GreyHouseSMcprt

Ireland House #1 ©2016 Janet Maher

StillPointsmCprt

Still Point (artist’s book) ©2016 Janet Maher

Ballyvaughan.3 – The Burren

Poulnabrone Portal Tomb ©2016 Janet Maher

Poulnabrone Portal Tomb ©2016 Janet Maher

It is going to be so very strange not to see magnificent rocks enmeshed with grasses and wildflowers around me upon return to the states. Time has done that tricky thing in that I feel as if this present will continue now forever. Having done a good bit of exploring and learning over the past three weeks, it may be possible to write a bit about this very special place.

Expert Gordan D’Arcy explained in a lecture how the phenomenon of the Burren was glacially created millions of years ago when all the earth’s land masses were connected. If we try, we can see how the edges of what became eastern North America had once separated from what became Ireland, which had separated from what became England, floating apart. No wonder the landscape and dry walls of the New England states come to mind so often here, and why so many Irish immigrants chose that area of America in which to place new roots.

Erratic ©2016 Janet Maher

Erratic ©2016 Janet Maher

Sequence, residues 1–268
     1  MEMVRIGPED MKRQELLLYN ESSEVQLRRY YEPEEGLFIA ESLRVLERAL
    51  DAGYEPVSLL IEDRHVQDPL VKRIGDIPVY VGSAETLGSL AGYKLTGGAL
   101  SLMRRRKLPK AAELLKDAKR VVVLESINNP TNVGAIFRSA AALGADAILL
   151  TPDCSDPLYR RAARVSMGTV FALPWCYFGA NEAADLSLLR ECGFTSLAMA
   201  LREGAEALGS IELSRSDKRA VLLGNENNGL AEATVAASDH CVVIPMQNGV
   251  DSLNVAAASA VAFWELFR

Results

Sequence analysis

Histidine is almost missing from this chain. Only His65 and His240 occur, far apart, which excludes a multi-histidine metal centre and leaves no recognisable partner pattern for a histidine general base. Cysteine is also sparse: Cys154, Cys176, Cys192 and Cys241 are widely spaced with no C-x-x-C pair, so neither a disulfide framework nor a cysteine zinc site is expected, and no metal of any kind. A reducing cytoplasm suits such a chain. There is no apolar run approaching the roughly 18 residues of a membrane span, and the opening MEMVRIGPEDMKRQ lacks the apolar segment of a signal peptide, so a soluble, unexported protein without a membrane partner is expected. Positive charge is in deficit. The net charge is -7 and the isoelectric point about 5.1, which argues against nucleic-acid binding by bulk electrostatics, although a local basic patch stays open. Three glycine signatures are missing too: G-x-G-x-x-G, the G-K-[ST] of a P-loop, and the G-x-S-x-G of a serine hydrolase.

According to D’Arcy Ireland was originally a jagged habitat with higher hills like China has. Changes from about one and one half million years after the end of the first Ice Age forward have resulted in what exists now. The borders of Ireland extended much further too, having been worn back to the cliffs, additional islands and jaggy shores of today. The Cliffs of Moher, for example, had extended about 100 meters further than they do now. What remains is the Burren limestone and granite that has not been washed and weathered away. Ireland had been covered by a shallow tropical sea, as evidenced by fossil imprints in the rocks. Marks in the stone were also created as other stones were dragged across while glaciers receded. Large granite boulders called erratics occur, sitting as if placed intentionally in various parts of the Burren. A fascinating occurrence appears in rocks from snails having eaten their calcium away. The rocks are peppered with regular-shaped circular crevices and sinuous trails.